Elevator pitches / Marketing materials / Introductions / Business cards / Proposals / Letters / Websites / Social media
What do all these things have in common?
They all represent you and your business. They act as a calling card, a reference, a reminder, a point of contact for people to connect with and contact you. Get your messaging right and you’re memorable, appropriately tailored and connected to the right audience. Get it wrong and you’re simply wasting your time and money. If you’re a little sketchy on this detail, then listen up [or, more accurately, read on!].
Sometimes we can become very entrenched in our businesses [a touch of the ‘woods-for-the-trees’ syndrome]. It’s perfectly natural, business is personal – it’s our creation and betimes it can be hard to distance ourselves from what we think we should be saying about what we do as opposed to what we actually should.
Take a step back from your business; does your messaging succinctly and clearly illustrate your value-add? Do you convert a strong message to the right segments? Which marketing channels do you use to convert that message? Do you use the right mix of media? Or are you hanging around the wrong places trying to attract the right clients?
A simple equation
Want a simple way to remember effective marketing practice?
Segment + Message + Channel = Sales Output
It’s fair to say that there is some groundwork required in getting to the point of this equation however the key is in remembering it and constantly evaluating whether it is being used. Successful messaging and marketing requires targeting, clarity and customer intelligence. It also requires strategy and a long-term view. Don’t be short-termistic in your approach as you’ll suffer poor results and frustration [and plunder budgets too!].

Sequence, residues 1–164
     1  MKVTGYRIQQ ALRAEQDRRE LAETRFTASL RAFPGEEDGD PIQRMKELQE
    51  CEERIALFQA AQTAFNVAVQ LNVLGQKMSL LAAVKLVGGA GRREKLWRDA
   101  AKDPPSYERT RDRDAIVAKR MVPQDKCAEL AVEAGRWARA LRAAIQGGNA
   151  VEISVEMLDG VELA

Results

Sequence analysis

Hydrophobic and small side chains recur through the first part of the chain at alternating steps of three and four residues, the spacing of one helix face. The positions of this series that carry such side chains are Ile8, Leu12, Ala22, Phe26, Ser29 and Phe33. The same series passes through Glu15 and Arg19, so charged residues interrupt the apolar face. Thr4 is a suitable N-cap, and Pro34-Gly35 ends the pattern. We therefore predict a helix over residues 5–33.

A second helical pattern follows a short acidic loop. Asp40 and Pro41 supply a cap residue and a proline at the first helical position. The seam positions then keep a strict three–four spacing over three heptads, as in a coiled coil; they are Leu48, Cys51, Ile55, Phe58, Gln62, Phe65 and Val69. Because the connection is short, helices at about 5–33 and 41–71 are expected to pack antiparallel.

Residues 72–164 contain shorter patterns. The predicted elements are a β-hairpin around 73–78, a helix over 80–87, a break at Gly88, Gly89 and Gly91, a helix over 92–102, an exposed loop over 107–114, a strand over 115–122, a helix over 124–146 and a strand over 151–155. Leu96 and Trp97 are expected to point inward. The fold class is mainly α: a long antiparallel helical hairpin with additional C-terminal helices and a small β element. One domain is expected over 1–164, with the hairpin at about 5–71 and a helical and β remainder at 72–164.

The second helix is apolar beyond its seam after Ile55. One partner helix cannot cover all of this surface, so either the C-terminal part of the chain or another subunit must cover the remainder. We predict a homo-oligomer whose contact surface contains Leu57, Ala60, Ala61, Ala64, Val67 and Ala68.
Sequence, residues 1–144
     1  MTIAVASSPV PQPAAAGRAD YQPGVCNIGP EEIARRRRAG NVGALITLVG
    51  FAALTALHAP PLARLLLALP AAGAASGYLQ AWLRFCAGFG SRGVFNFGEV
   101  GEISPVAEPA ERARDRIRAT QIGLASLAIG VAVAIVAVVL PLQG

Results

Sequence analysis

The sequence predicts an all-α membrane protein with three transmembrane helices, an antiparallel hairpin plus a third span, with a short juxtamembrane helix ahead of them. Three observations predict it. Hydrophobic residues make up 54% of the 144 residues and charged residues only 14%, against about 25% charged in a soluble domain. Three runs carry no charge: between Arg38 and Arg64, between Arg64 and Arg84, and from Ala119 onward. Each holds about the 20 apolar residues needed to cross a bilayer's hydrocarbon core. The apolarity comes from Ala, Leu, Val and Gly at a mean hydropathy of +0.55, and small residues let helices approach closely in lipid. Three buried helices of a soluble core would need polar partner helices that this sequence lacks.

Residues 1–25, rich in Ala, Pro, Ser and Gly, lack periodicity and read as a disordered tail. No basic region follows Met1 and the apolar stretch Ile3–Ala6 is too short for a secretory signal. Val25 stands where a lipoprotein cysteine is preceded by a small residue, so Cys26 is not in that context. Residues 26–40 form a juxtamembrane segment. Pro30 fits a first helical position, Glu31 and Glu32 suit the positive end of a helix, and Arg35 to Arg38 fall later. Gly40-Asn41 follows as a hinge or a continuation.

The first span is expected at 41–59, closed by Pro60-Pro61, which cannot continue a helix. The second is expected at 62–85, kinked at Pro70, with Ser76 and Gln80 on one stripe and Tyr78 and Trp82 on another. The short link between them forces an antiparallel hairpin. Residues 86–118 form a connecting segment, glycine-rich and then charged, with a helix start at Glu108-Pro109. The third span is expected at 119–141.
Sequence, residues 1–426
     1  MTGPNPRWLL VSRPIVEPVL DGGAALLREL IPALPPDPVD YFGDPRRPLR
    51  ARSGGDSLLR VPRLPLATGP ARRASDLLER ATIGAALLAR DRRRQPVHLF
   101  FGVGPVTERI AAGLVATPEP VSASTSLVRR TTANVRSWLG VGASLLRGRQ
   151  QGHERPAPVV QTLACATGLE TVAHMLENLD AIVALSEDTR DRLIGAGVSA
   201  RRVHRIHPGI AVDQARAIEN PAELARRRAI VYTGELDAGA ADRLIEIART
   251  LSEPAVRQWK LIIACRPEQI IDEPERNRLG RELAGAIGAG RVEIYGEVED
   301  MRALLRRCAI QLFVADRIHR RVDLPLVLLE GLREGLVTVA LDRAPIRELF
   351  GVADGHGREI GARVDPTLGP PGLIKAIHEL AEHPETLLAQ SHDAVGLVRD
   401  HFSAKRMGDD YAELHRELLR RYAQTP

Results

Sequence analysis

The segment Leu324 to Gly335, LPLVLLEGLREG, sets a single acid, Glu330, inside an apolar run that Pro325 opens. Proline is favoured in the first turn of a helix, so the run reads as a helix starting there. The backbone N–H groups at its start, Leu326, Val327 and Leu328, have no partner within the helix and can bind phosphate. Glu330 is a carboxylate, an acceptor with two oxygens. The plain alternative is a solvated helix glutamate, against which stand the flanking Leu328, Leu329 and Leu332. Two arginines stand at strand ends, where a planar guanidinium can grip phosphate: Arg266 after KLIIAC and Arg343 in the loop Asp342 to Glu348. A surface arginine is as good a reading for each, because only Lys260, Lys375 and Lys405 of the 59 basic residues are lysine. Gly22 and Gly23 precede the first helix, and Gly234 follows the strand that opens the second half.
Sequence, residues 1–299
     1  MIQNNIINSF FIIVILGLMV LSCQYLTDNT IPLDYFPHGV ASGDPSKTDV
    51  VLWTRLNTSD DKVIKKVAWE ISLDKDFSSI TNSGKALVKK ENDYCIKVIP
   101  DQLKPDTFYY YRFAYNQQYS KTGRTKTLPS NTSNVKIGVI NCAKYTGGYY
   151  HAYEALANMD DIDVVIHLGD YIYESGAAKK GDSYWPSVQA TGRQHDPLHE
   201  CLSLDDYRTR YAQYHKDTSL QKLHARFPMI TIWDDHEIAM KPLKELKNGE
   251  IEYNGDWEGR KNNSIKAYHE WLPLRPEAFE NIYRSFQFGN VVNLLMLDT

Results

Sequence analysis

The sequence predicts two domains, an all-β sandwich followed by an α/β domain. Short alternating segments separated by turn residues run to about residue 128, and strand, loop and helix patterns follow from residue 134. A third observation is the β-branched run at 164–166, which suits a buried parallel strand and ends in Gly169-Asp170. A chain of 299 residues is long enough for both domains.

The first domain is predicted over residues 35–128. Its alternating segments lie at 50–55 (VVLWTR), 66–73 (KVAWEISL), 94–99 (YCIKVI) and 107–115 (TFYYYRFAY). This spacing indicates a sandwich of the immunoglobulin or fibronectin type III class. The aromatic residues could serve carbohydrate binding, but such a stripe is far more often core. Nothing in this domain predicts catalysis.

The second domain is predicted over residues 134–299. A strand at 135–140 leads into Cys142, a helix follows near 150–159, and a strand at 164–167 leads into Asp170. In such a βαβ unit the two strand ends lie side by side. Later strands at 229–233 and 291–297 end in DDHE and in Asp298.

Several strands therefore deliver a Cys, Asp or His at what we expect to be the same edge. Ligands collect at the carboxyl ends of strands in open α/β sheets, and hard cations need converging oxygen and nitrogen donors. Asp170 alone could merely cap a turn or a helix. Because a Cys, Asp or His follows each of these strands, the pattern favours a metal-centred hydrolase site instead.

Are you fishing where the fishes are?
Be brutal with your marketing strategy. Are you fishing where the fishes are? Or codding yourself [see what I did there?] by toying with a marketing mix which is not in any way tailored to your market segments? In the same way that you must audit your business’s finance and operational successes and failures, your marketing requires just as much attention. That’s why target and focus play such significant roles.
How you say what you say… focus on your NOSE
Pitching and introducing your offering can often feel like a painful experience, not least because many business people aren’t exactly radiating joy when asked ‘what they do’. The reality? If you can’t succinctly communicate your offering – the what, the why and the how, don’t expect to generate any interest from your target audience. It all comes down to your NOSE… Or Needs, Outcomes, Solutions and Evidence. A helpful view: what do I do? Why would it be beneficial to xx customer [being your target customer] and how it is beneficial / useful/ a solutions-provider? Don’t forget to illustrate with evidence or examples… we all like validation.
Is your business sending the right message?
The ultimate question you have to ask yourself [following the other steps], is whether your business really is sending the right message to the right people in the right places. It might sound like a simplification of sorts, but ultimately, if you can’t stand over your market positioning and the types of marketing communications methods you’re using, then you are probably going to continue wasting time and money on a strategy which just doesn’t work. Full stop.
Make time to evaluate what your marketing activities are producing – remember marketing’s role is to make selling [more-or-less] superfluous, so at the very least you should be able to validate and monitor what is working. More importantly, it’s key to understand what isn’t working and quickly reassess its worth.
Don’t make your messaging a casualty of no-review paralysis; review it regularly and ensure your business is sending the right message.
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